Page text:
A couple year’s ago, I made a New Year’s resolution to be more reliable. I had been finding myself in the awkward position of having to be in two places at once and having to cancel on things last-minute. I never considered myself a pushover who couldn’t say “no”–I just didn’t want to not say “yes.” Truthfully, I didn’t want to miss out–on anything, ever. So I resolved to say yes, mean it, and follow through.
I formed a habit of foregoing sleep and routine (…and a savings account) to accept every invitation and chase the next adventure. And all those “yes’s” took me to a lot of cool places with great friends and left me with lots of great memories.
But after becoming pregnant with my firstborn, I quickly realized my days of “yes” might be coming to an end.
But I didn’t stop saying “yes”, necessarily. Throughout the pregnancy, I wanted to prove myself at work, at home, and to my friends. I traveled, I photographed weddings, and after our son was born, he was merely a few weeks old before we flew to Florida, then drove to Ohio.
The Downside of Yes
It wasn’t easy, but I kind of liked it: I felt like I was striking a balance between the “me” and the “mom me.” Until he started to grow and not sleep all the time and I realized how essential a baby’s routine is- for him, and for me. A missed nap might sound like nothing more than an inconvenience, but for me it meant wrangling a screaming baby in front of other people, and the ensuing comments about what I should be doing or how I should be handling it (and the embarrassment). The thing that bothered me was that I knew what I should have done to prevent it in the first place: honor that nap time. But I didn’t so I could oblige someone else (even myself). I’ve written about the importance of predictability, but was neglecting it with my own developing baby, in my own life, in spaces where I, ultimately, had the control if I would just say “No.”
After the arrival of our daughter, the importance of routine and predictability has exponentially multiplied–for their sanity, and again, mine. Things that might sound unimportant, or even stupid, to other people–like sleeping in their own beds, bed time, morning routines, regular nap and meal times–have become essential for me (and them?). I do like to do things spontaneously, but I am learning my limits, and that there’s a lot I just can’t do well anymore with two toddlers.
The Hard Part of “No”
Learning to say “No” is HARD. There’s that feeling of disappointing someone or lots of people, but then there’s also this nagging feeling of, “If I just try a little harder, I could make it work and make everyone happy” And while I know other people’s worlds don’t revolve around me, that feeling of disappointing them tends to weigh heavy.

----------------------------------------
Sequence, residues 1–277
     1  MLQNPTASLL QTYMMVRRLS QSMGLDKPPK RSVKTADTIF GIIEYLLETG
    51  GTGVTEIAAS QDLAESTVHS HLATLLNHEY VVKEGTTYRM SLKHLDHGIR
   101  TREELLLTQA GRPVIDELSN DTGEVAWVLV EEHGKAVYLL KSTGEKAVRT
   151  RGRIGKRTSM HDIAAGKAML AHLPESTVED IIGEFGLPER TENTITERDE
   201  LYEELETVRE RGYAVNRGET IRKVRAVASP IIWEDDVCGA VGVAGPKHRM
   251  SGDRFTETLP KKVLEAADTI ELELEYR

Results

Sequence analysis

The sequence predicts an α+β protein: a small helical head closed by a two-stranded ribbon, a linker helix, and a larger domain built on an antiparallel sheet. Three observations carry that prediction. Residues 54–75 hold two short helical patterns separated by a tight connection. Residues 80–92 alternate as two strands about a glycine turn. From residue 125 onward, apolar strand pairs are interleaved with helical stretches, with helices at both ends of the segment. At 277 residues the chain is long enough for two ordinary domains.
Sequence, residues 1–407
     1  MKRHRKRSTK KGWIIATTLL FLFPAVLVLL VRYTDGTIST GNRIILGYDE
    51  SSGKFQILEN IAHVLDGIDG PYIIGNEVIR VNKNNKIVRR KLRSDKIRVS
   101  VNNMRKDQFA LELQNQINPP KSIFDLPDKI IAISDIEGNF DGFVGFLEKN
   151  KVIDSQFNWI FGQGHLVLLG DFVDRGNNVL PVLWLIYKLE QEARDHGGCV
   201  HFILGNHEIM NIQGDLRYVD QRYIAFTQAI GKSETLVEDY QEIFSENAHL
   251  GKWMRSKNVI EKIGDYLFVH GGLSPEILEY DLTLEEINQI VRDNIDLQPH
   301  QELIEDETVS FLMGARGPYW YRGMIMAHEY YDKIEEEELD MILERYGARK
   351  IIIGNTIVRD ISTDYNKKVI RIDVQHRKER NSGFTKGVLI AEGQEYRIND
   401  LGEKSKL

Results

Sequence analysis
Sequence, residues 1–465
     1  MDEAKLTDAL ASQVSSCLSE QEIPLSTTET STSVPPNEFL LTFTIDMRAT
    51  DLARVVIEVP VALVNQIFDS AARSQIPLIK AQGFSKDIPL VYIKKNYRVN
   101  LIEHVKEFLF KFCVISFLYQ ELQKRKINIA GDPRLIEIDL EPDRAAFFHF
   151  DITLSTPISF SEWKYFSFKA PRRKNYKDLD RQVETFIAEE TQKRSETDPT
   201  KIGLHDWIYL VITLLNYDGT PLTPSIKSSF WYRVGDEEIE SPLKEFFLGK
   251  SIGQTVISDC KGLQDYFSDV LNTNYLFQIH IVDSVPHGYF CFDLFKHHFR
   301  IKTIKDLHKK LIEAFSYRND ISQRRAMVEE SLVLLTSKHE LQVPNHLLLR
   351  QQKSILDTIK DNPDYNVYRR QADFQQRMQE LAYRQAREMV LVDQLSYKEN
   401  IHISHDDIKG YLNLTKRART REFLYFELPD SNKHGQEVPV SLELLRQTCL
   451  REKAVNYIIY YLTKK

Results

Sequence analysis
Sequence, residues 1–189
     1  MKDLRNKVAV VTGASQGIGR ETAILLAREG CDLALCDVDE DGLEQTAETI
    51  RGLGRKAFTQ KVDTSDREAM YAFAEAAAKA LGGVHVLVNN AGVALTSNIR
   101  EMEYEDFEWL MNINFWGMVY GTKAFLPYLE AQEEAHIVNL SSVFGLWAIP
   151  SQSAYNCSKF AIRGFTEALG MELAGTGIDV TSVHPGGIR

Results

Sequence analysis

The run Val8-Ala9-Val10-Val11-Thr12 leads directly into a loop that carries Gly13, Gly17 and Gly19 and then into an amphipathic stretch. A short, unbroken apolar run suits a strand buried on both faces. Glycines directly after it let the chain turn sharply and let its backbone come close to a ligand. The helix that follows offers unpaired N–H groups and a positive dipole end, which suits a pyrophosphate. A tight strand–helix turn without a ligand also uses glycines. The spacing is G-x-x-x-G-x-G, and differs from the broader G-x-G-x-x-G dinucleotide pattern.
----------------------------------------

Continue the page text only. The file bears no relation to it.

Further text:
Maybe there are things that I could make work, but the truth is that it’s still not going to make everyone happy, and it’s going to come at a price to me. This short trip here or there, letting my kids spend the night at someone else’s house, waking them early from nap time or foregoing bedtime: all of these things sound small, but we’re never just “in the moment” anymore. I always have to be thinking about what’s next. Between two working parents and a (meager) social life, saying “no” is just necessary. When I start to wonder if I’m being too rigid, I remind myself that I’m not a jerk, and I’m not being inconsiderate. My priority has to be the tenuous balance we’ve struck between work, childcare, finances, and growing kids. These are just moments in someone else’s life, but my kids are young enough that the after-effects of an indulgent weekend takes us days to re-claim our routine: the one we depend on so my husband and I can sleep, work, and parent.
Hopefully the time will come when hopping in the car for a road trip will be easier. But for now, sometimes a “no” is necessary for invitations to do what we know will be fun things, but just can’t make work, even for reasons other people may think are stupid.
A friend of mine recently said to me that she doesn’t want to spend her kids’ childhoods trying to make other people happy.
What a powerful statement. I still want to be reliable, I still want to be able to follow-through. But now that means instead of saying “yes” all the time, I’m going to have to say “no” too, and mean it. And if someone else has a problem with it (which is, in all reality, probably unlikely since I’m not the center of the universe…I mean, other people’s universes) that’s on them, not me.
My New Year’s Resolution for 2016? Set the right expectations. Say “no”, mean it, and be done feeling bad about it.